By D G E Hall (auth.)
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D. she sought to import them from the Roman Empire. But the grave effects of this upon the imperial economy caused the Emperor Vespasian (69-79) to stop the flight of precious metals, and Indians had to seek for them elsewhere. c. D. 78 is the date of Kanishka's accession. Op. , pp. 41-4. In Les peuples de Ia Peninsule Indochinoise, 1962, chap. ii, C=ies has elaborated and corrected his views. 18 TO THE BEGINNING OF THE SIXTEENTH CENTURY PT. I Khersonese, and the Sanskrit names, such as Suvarnabhumi and Suvarnadv£pa, which they gave to parts of South-East Asia, indicate that to Indians they were famous chiefly for gold.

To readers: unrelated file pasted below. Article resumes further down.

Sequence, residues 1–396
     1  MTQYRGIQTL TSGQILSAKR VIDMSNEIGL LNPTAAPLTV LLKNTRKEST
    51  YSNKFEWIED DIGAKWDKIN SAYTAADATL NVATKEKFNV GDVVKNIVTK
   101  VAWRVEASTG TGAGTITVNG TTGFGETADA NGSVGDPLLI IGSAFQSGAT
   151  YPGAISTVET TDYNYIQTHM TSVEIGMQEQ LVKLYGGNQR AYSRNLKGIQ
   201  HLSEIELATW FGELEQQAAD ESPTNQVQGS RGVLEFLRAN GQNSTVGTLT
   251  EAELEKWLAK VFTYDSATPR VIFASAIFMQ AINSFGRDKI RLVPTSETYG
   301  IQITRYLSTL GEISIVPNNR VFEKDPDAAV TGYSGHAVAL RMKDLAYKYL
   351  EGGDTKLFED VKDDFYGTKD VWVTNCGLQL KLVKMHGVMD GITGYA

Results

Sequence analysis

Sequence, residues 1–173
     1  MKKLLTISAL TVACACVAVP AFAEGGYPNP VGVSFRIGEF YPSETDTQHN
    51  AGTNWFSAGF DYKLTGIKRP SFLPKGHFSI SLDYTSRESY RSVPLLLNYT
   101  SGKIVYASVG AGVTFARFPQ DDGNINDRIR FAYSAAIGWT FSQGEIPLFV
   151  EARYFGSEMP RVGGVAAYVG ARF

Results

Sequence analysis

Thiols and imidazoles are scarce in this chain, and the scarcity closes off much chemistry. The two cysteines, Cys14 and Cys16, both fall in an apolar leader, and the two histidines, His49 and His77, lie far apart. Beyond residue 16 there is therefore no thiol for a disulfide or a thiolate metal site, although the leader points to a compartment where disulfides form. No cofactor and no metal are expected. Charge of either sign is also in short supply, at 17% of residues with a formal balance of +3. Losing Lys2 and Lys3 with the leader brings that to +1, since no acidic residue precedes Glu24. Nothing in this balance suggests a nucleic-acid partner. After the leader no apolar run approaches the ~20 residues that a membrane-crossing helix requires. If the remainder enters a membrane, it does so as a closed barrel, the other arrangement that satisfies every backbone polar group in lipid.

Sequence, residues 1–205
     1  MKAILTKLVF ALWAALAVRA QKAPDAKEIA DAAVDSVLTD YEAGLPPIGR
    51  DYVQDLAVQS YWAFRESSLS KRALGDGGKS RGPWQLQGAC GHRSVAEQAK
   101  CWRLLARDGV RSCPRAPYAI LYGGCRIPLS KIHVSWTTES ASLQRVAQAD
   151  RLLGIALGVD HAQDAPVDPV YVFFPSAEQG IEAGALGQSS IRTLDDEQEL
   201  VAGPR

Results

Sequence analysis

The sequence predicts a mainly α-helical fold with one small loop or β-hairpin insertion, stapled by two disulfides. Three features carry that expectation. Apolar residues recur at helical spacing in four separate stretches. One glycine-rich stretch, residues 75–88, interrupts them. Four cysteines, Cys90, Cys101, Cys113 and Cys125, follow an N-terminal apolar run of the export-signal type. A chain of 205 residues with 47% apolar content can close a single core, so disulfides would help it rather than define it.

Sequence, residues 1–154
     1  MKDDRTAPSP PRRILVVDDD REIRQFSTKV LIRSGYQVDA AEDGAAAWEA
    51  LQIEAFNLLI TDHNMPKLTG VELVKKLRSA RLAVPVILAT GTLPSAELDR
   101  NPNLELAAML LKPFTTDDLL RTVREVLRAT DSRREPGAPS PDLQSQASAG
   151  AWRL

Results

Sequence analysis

R. van Heekeren, The Stone Age of Indonesia, 1957, p. 131. • P. E. Sarasin, Reisen in Celebes, 1905. 1 8 TO THE BEGINNING OF THE SIXTEENTH CENTURY PT. I There seems to be evidence also that prior to their arrival in the islands they knew how to cultivate rice. 1 There is no evidence in support of the theory that metal-culture was introduced by a new wave of immigrants. Duyvendak, indeed, not only denies categorically that there were two migrations of Malay peoples into South-East Asia, but asserts that a knowledge of metals was brought to elements of the coastal population through trading contacts with foreigners.
J. Krom, was to the effect that Indian penetration was peaceful, and that it began with traders who settled and married native women, thereby introducing Indian culture. In this way, he suggested, the Indonesians voluntarily accepted the higher Hindu civilization. Bosch's criticisms of these hypotheses may be tabulated as follows: (a) A conquering prince would have mentioned his success in an inscription, or, if not, one of his descendants would have done so. (b) There is no sign of Dravidian mixture in the population of Java or Bali.